Jan 10 2012

Articulating the Problem is the First Step Toward Solving It

A while back, we were having some specific challenges at Return Path that were *really* hard to diagnose.  It was like peeling the proverbial onion.  Every time we thought we had the answer to what was going on, we realized all we had was another symptom, not a root cause.  We’re a pretty analytical bunch, so we kept looking for more and more data to give us answers.  And we kept coming up with, well, not all that much, besides a lot of hand-wringing.

It wasn’t until I went into a bit of a cave (e.g., took half a day’s quiet time to myself) and started writing things down for myself that I started to get some clarity around the problem and potential solutions.  I literally opened up a blank Word document and started writing, and writing, and writing.  At first, the thoughts were random.  Then they started taking on some organization.  Eventually, I moved from descriptions of the problem to patterns, to reasons, to thoughts about solutions. 

But what really put me on a track to solutions (as opposed to just understanding the problem better) was starting to *talk* through the problems and potential solutions.  It didn’t take more than a couple conversations with trusted colleagues/advisors before I realized how dumb half of my thoughts were, both about the problems and the solutions, which helped narrow down and consolidate my options considerably.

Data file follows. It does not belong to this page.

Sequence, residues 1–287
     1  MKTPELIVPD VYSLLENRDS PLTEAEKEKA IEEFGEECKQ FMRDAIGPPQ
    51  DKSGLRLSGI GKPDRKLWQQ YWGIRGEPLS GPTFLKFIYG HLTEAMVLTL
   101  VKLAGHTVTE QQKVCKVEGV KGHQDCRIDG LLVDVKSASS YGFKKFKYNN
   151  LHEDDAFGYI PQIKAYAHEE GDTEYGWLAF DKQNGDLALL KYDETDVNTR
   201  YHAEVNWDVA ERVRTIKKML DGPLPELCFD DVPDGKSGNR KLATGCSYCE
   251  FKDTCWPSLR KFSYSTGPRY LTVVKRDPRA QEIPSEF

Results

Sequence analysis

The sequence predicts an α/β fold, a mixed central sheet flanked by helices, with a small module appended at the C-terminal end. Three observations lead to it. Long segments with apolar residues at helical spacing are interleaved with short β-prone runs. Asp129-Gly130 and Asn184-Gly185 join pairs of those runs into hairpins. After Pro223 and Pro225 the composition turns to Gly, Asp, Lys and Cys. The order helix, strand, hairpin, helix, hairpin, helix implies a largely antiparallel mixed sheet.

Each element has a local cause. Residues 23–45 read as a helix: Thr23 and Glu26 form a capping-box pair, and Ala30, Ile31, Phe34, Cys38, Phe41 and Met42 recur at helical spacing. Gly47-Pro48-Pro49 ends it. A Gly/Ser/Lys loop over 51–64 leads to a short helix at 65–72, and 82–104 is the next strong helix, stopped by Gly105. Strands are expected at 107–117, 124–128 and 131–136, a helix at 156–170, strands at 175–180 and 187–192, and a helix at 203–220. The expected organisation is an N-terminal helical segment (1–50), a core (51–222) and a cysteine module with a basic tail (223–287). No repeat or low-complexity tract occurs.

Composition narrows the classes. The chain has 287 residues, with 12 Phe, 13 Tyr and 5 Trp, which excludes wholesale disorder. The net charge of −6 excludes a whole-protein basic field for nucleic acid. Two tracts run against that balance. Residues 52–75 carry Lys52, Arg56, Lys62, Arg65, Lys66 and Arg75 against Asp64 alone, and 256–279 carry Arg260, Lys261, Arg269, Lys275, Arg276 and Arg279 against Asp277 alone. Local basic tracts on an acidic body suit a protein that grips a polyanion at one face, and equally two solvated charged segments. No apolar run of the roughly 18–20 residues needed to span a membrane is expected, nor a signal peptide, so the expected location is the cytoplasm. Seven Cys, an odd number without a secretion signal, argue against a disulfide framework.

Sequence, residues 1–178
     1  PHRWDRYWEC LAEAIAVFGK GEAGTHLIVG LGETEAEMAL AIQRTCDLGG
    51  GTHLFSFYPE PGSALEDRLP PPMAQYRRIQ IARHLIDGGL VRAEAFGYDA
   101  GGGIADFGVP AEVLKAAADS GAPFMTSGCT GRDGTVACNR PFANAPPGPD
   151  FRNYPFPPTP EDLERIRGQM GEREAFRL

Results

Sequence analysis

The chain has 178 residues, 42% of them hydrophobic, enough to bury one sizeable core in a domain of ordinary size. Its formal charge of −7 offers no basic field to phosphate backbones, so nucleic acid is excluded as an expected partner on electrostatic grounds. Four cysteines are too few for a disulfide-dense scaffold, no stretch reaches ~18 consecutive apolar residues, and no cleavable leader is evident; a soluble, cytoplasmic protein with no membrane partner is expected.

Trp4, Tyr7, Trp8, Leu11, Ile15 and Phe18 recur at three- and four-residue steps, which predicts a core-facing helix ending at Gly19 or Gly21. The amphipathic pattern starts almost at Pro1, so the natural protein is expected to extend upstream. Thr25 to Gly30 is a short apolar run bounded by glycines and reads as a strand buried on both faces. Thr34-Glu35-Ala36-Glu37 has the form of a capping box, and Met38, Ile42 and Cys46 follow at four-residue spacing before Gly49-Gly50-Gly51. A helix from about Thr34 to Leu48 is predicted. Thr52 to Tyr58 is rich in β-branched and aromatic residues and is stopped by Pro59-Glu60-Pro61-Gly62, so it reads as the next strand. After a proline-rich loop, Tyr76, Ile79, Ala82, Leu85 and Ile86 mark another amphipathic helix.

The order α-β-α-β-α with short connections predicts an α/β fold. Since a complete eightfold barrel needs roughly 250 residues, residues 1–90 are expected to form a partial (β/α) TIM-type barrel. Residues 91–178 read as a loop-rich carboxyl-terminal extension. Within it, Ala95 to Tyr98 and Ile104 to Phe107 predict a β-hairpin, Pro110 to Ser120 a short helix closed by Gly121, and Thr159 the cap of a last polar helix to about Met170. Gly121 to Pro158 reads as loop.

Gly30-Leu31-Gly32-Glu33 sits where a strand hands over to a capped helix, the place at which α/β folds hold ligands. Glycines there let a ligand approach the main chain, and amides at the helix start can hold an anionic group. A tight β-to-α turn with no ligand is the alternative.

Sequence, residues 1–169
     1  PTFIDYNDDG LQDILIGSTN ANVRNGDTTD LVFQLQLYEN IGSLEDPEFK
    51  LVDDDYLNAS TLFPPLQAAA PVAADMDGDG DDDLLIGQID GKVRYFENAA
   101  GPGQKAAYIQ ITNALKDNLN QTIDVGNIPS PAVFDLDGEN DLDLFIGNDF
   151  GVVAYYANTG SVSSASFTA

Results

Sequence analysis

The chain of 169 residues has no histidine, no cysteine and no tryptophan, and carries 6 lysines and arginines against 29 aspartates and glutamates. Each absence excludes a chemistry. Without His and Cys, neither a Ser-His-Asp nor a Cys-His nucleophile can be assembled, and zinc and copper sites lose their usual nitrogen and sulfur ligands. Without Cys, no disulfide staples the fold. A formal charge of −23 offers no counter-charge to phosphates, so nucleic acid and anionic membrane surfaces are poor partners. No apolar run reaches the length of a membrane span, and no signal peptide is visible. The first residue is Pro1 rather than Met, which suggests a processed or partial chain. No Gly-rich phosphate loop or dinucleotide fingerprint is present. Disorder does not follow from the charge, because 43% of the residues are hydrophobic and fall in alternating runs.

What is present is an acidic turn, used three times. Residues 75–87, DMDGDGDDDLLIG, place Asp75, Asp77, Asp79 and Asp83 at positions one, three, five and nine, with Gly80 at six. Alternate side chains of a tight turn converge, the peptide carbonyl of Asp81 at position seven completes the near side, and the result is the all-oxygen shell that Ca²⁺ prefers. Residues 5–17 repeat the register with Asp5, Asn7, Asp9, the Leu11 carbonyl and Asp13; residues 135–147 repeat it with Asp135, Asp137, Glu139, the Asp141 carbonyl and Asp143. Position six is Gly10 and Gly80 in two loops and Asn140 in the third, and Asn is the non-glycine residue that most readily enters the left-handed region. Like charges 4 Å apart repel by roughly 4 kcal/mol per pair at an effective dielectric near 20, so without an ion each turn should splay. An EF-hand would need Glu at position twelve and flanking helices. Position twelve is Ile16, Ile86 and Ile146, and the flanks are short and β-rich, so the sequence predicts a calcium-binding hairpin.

Even better than solving the problems, or at least a driver of being able to solve them, is feeling more in control of a tough situation.  That’s probably the best thing I’ve learned over the years about the value of articulating problems and solutions.  For a leader, there is no worse feeling than being out of control…and no better feeling than the opposite.  Some level of control or confidence is required to get through tough times.

I suppose this post is not all that different from any 12-step program.  First, admit you have a problem.  Then you can go on to solve it.  But the point I am trying to make is more than that – it’s not just admitting you have a problem.  It’s actually diving in deep to the potential causes of the problem, and writing them down and (better) speaking them out loud a few times, that puts you on the road to solving those problems.